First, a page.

Sunday, June 28, 2009

Artist's Studio: Richard Jolley

Richard Jolley's Studio, 2009 by Richard McCabe

In June of 2004, the Ogden Museum hosted its first nationally travelling exhibition, Richard Jolley: Sculptor of Glass. Co-curated by the Ogden's Director, J. Richard Gruber, working with Stephen Wicks, of the Knoxville Museum of Art, the exhibition debuted at the Knoxville Museum of Art before beginning a national tour. The travelling exhibition featured works by the artist from 1984 through 2002, and was accompanied by a catalogue featuring a comprehensive essay by Dr. Gruber. In its Ogden incarnation, Dr. Gruber and the artist incorporated works made after 2002, showing his response to the exhibition.

Jolley at the Kiln, 2009 by Richard McCabe

In June of 2009, the Ogden's Richard McCabe and Bradley Sumrall were treated to a tour of the West Knoxville studio that Jolley has worked in since 1975, catching a glimpse of the new direction this ever-changing artist is taking his work. Set off the highway in a thicket of woods, the studio was filled with activity.

Hand-built Holding Furnaces, 2009 by Richard McCabe

"What I am trying to do is achieve a humanistic art."

Studio Assistant James Breed, 2009 by Richard McCabe

The new forms in Jolley's work are still heavily inspired by classical human forms. One sees a direct relation to his series Busts (1990-1994), Torsos (1994-1996) and Totems (1996-2001), yet the forms are fresh, minimalist, and both contemporary and deeply connected to his Pop Art roots.

Kenneth Gonzales, James Breed and Raul Garcia, 2009 by Richard McCabe

"Jolley views himself as an artist who works in glass, not as a 'glass artist.' For him, the distinction is a critical one," Dr. Gruber wrote in 2002. In 2009, we see that Jolley still holds that belief, and continues to push the boundaries of his medium.

Tuesday, June 23, 2009



On Thursday, June 18, the Ogden's Bradley Sumrall and Richard McCabe visited Yee-Haw Industries in Knoxville, Tennessee. Started in 1996 in a Corbin, Kentucky barn by partners Julie Belcher and Kevin Bradley, Yee-Haw is an industrial letterpress and design company now located in a turn-of-the-century Gay Street building in downtown Knoxville. The over-stuffed studio is covered floor to ceiling with examples of their posters, prints, and broadsheets, filled with cards, t-shirts, and some of the funkiest collectibles to be found.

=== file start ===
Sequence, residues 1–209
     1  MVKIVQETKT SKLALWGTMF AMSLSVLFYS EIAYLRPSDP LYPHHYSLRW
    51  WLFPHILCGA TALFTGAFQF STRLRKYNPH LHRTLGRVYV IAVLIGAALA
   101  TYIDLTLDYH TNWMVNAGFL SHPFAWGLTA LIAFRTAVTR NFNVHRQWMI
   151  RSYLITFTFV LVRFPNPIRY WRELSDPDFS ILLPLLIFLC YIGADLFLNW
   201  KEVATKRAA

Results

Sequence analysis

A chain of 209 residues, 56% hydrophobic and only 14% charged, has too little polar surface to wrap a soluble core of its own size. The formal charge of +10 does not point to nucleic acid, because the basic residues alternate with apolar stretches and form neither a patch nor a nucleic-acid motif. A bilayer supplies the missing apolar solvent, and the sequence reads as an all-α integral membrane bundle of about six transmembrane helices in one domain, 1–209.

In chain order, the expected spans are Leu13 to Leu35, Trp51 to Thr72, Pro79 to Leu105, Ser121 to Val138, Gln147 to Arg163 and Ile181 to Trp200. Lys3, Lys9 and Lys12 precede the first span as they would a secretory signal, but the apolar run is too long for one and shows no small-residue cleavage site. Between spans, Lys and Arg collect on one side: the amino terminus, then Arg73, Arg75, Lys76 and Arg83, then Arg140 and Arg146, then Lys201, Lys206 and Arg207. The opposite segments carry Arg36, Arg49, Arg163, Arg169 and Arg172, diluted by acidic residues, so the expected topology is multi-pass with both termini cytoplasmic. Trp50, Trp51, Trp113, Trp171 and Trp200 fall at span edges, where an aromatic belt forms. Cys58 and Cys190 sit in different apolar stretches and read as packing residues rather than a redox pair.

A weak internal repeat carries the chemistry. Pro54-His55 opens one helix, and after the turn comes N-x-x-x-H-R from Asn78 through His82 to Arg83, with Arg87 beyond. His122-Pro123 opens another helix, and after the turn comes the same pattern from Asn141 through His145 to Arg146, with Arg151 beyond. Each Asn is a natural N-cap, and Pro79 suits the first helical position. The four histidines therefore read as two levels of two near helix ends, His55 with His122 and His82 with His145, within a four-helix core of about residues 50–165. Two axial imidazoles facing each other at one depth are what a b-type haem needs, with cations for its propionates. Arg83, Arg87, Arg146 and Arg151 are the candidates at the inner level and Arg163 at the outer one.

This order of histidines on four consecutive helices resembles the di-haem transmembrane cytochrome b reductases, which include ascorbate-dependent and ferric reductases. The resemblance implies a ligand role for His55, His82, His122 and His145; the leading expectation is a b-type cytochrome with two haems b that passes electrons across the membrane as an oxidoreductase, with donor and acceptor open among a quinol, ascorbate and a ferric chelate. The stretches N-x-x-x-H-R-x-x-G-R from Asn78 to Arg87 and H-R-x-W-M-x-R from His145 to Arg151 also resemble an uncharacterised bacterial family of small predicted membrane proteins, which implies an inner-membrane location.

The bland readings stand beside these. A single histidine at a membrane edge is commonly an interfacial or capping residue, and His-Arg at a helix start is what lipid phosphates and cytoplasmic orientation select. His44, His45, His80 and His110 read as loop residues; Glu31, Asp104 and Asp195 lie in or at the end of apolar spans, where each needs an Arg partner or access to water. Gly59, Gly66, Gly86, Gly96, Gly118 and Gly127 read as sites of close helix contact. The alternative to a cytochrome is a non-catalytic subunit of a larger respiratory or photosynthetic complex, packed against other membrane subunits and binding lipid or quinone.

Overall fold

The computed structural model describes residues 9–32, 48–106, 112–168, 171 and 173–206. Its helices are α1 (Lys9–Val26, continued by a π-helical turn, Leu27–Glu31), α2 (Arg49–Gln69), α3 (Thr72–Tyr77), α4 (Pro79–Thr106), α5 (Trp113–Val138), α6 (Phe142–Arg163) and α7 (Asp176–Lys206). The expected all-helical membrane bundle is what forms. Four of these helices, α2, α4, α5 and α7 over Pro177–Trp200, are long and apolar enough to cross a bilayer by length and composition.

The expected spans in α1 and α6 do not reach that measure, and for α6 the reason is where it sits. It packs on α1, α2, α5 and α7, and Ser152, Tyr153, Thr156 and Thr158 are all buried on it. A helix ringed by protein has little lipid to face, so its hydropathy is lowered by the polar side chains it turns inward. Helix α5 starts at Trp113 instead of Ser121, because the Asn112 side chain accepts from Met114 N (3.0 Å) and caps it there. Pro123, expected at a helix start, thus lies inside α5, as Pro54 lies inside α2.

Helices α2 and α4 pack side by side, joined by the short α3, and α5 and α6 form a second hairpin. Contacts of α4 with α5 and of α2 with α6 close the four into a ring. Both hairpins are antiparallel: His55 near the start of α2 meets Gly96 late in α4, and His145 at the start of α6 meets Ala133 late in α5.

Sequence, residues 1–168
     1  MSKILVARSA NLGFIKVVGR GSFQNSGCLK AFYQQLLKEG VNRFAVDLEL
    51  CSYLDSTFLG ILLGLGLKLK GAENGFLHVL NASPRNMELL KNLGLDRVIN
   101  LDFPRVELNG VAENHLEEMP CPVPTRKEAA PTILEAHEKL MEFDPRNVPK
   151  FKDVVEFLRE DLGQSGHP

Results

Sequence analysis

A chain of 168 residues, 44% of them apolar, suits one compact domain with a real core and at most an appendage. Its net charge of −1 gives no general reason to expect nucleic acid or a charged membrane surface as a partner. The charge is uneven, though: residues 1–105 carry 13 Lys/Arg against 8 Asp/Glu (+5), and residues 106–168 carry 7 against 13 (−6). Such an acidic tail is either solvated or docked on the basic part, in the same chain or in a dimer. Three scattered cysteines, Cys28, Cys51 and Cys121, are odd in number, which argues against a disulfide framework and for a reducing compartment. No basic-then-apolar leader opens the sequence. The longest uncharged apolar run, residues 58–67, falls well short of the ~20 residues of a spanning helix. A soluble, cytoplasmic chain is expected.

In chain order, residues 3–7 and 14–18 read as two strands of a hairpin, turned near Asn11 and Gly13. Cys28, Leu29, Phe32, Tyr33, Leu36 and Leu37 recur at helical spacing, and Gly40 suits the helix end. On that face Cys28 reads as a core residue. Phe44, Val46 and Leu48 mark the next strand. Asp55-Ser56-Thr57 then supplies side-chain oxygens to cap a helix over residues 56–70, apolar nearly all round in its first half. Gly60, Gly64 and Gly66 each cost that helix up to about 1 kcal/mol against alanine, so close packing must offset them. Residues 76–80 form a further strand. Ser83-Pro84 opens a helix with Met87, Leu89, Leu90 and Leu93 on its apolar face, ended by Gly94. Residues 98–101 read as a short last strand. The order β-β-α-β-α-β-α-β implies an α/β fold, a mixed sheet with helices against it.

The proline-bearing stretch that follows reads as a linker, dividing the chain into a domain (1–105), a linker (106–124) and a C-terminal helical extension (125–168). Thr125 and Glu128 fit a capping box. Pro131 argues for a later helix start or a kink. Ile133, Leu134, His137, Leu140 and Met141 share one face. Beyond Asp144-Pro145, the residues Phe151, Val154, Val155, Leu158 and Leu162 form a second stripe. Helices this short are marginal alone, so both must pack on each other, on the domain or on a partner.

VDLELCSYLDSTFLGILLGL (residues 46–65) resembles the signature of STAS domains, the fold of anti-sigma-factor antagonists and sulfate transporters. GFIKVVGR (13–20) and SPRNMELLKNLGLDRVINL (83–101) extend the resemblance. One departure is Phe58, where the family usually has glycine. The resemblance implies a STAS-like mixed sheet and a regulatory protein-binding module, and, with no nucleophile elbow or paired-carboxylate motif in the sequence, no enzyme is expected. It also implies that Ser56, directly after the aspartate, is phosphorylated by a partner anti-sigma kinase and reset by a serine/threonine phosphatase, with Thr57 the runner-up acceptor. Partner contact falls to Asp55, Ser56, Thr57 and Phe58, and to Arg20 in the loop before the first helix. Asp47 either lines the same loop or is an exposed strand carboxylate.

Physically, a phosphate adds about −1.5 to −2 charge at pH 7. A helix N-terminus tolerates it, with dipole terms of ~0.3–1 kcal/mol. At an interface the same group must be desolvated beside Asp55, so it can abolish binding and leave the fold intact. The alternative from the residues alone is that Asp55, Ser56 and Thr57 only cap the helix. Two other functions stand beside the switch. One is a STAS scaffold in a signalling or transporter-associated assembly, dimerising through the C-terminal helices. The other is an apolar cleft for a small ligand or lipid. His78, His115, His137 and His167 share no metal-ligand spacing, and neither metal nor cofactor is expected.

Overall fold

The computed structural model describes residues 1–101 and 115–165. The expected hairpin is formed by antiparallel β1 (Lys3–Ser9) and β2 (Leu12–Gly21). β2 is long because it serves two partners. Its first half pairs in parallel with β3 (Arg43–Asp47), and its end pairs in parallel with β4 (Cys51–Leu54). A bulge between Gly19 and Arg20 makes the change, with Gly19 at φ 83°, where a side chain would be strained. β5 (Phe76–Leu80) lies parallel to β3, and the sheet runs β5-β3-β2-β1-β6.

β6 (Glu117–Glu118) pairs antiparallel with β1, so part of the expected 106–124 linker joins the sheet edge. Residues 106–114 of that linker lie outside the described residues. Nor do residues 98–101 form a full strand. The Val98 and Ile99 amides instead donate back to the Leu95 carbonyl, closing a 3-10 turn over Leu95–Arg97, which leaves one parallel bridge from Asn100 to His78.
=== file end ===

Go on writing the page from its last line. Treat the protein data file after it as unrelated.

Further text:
Yee Window and Haw Window, 2009 by Richard McCabe.
The letterpress barn in Corbin was started by Julie and Kevin with antique printing equipment saved from a rusty future, and used to create folk art woodblock prints of country music icons like Hank Williams (last seen alive feet from their current location) and Loretta Lynn, handmade posters of Southern subculture heroes like Cas Walker and Colonel Harlan Sanders. The work turned heads, and before long, the press was commissioned to create album art and promotional posters for contemporary artists including Steve Earle, Buddy Guy, Lucinda Williams and Southern Culture on the Skids.

Yee-Haw Interior, 2009 by Richard McCabe
All Yee-Haw prints are hand-set with original or vintage hand-carved wood blocks and type. Some of the earliest letter blocks date from the early eighteenth century. One vintage cabinet in the studio contains the history of Southern pro-wrestling in printer's photo plates. Drying racks are filled with inked paper at various stages of each color's eight-hour drying schedule. This is a real press in high production, full of activity and creativity.

Kevin Bradley in Studio, 2009 by Richard McCabe

Principal Julie Belcher, hailing from Morgantown, West Virginia, is the force behind building the brand. First introduced to the art world when her high school sold Krispy Kreme doughnuts to fund a trip to New York City, Julie went on to serve as art director and designer for Whittle Communications, Seventeen and Blue Note Records. Principal Kevin Bradley studied painting and graphic design before developing the unique Yee-Haw style. Julie lectures at institutions both academic and commercial. Kevin carves most of the original artwork produced by Yee-Haw.

Intern Christian Cox, 2009 by Richard McCabe
Recent Yee-Haw collaborators include Mississippi artist Sean Star Wars, Brooklyn's Cannonball Press, and Washington D.C.'s National Gallery of Art where they designed and produced a unique line of Dada merchandise for their 2006 Dada exhibition. Yee-Haw was recently commissioned by Jim Flora Art to produce limited edition prints from Flora's original blocks. Flora was an acclaimed and prolific illustrator and designer, best known for his album covers of the 40s and 50s. Of working with this material, Kevin Bradley says, " For us, it's like playing golf with Tiger Woods."
Printing Blocks, 2009 by Richard McCabe
For more on Yee-Haw, visit .

Monday, June 15, 2009

Photographs @ Watercolor

South Miami Beach, 1982-1985. Photograph by Gay Block.

On Friday, June 19, the Ogden Museum @ Watercolor will open Picturing the South: People, Land, Architecture, Cities. Composed from the Ogden's photography collection, this exhibition includes photographs from 1934 to the present. A wide range of processes and styles attempt to represent the South's people and places, from the shrub brushed beaches of northwestern Florida to the dusty fields of the Mississippi Delta, from the color of South Miami's Jewish community to the texture of New Orlean's Vieux Carre at Carnival.

The Ogden's chief preparator, Richard McCabe and I are installing the exhibition in Watercolor before delivering the works of Mississippi artist, William Dunlap, to Banner Elk, North Carolina. After that we are on to the studio of Knoxville's Richard Jolley. Hopefully, along the way we'll record some truly Southern images and experiences to share here at Verso. Below is a view from the Watercolor Inn this afternoon.

Photograph by Bradley Sumrall, 2009.